• @RohitMathur I don't know the exact number, but I would imagine that a Pi could probably handle hundreds of messages a second, particularly the Pi 3, which is pretty powerful. Almost certainly you won't reach the limit of the Pi's capabilities with your use case.
    – Aurora0001
    Commented Sep 17, 2017 at 12:09

My suggestion would be a mosquitto MQTT broker on a Raspberry Pi.

There is an article here https://tech.scargill.net/a-christmas-script/ where Peter Scargill have made a script that installs all necessary components and dependencies.

Take a look at Node-red. With it you can create logic to complement your project.


I just found a ESP8266 MQTT broker, freely available. This I have to try....



  • Yes, I think I need to purchase a Pi. And this article was really helpful. Can you please share some more tutorials for my project? I will go through them once I get a Pi. Commented Sep 17, 2017 at 11:50
  • Rui Santos have many nice tutorials, like: randomnerdtutorials.com/… and many more and his book "home automation" is recommendable.
    – MatsK
    Commented Sep 17, 2017 at 11:57
  • I have been following a tutorial. randomnerdtutorials.com/…. Raspberry Pi is working absolutely fine. But I believe esp8266 is not receiving messages. So I cannot control the relay wired with esp8266. Commented Sep 23, 2017 at 2:53

In addition to the answers and comments that recommend using a Raspberry Pi because of the ESP8266’s limited resources, it would generally make sense to use the ESP32’s, the unofficial successor to the ESP8266. Due to being dual-core + 3x more RAM, it fixes WiFi connection issues that increased when user programs increased in size.

On the price range it is only a few dollars more expensive than ESP8266 and significantly cheaper than RaspberryPi’s (at least until the zero comes down in price). The other answers should have you covered on the software side.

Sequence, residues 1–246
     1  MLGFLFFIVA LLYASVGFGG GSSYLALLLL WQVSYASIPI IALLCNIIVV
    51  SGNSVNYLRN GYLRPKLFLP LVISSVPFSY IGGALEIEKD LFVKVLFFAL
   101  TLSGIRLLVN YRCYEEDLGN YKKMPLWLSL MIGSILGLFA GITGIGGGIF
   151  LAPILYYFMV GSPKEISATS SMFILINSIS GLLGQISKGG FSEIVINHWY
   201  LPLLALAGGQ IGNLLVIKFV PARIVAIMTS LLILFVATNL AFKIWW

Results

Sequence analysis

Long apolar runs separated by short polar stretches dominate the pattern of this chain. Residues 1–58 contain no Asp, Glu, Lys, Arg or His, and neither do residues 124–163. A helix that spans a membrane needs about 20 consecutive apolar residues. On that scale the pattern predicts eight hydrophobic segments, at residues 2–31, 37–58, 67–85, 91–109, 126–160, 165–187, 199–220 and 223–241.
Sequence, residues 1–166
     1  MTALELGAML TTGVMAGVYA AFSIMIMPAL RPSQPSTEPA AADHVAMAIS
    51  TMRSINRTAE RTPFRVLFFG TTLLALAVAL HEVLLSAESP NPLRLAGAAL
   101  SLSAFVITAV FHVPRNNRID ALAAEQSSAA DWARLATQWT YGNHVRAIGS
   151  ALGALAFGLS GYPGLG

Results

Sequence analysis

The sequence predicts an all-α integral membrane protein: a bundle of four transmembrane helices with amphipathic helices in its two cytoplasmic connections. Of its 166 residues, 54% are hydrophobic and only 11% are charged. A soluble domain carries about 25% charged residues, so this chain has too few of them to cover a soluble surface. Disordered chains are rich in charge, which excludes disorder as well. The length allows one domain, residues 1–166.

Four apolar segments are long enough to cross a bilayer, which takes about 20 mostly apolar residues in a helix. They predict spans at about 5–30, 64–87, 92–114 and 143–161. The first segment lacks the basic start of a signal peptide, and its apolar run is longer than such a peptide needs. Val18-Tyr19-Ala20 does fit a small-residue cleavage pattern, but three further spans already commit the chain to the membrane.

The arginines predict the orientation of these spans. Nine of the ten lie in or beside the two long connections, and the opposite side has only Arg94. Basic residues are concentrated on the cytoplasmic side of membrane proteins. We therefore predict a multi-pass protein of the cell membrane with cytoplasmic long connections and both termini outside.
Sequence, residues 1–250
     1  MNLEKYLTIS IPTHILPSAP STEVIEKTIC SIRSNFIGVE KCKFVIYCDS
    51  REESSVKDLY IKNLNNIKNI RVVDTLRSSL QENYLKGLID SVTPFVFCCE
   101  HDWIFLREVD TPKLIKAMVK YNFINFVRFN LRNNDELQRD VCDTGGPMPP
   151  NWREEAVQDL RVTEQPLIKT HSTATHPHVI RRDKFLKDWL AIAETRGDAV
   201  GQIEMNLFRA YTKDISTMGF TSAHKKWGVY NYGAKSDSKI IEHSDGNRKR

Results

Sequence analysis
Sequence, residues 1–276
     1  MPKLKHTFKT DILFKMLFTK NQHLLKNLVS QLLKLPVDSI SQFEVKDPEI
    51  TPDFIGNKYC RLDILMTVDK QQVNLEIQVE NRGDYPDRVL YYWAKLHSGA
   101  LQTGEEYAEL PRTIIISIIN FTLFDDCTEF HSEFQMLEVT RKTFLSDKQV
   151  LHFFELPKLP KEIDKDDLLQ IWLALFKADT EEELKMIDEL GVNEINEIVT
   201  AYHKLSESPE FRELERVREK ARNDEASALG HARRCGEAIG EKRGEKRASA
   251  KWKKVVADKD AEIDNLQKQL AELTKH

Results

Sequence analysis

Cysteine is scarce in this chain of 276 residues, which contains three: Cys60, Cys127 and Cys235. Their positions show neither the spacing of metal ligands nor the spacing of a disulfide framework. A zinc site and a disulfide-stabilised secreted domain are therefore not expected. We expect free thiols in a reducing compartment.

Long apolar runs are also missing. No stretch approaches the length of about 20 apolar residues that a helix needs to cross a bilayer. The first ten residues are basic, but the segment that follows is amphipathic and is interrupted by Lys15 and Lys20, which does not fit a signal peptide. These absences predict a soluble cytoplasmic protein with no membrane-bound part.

Adding to what the other excellent answers have already stated, using an ESP8266 as your MQTT broker is less than ideal for the simple reason that it lacks the system requirements to perform up to speed. Someone on Github was trying a similar feat, and was told:

It is not impossible but it does not make much sense. The broker needs some resources like CPU, memory and number of TCP connections (one for each client), maybe non-volatile storage (for persistent messages), configuration for user access rights and many other details.

I echo the other great answers: get yourself a Raspberry Pi or some other cheap computer to act as your broker. The ESP will simply be lacking the specs to perform well.

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    Yes. It is very much clear now that I would be needing a Pi to accomplish this project Commented Sep 17, 2017 at 11:57
  • This is mostly a scaling issue - it doesn't really show up until the number of nodes grows. The issue that is present right from the start is that the software must be rewritten, likely from scratch, to create broker functionality in a minimal resources way. Commented Sep 17, 2017 at 14:19
  • So bigger MCU would be adequate, but wouldn't be any cheaper than a low end SBC? Commented Sep 17, 2017 at 15:22

There is a nice and functional arduino compatible library with a tiny MQTT-broker that runs on ESP8266:

  • This one should be a chosen answer )
    – podarok
    Commented Jun 28, 2019 at 14:55

You can use an ESP8266 as MQTT broker. Its support 20 devices, websockets and bridge connection to a cloud MQTT instance that provide MQTT websockets and SSL.

In three minutes you can have a fully functioning MQTT broker. Check out the iotcentral.eu platform. Make an account and you are ready.

  • thanks for the suggestion Dan. But now i am using Raspberry Pi as the MQTT broker. but now the problem is with esp8266. Sometimes it connects to the Wifi but sometimes it just says "Connecting................." and the dots go on. I tried using external power supply as well it isn't working. Any idea how to do that? Commented Oct 16, 2017 at 8:36
  • @RohitMathur: have checked your reception on wifi?
    – woodz
    Commented Jun 9, 2020 at 9:07

Check this out: https://github.com/martin-ger/uMQTTBroker

It probably won't be as powerful as an Raspberry pi but it gets the job done.